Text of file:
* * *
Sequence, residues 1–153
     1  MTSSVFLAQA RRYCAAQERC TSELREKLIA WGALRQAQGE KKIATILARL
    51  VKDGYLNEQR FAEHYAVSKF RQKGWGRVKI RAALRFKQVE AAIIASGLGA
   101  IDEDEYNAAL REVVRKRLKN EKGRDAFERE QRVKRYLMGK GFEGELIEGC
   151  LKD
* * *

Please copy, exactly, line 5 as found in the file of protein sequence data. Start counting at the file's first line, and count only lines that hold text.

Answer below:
   151  LKD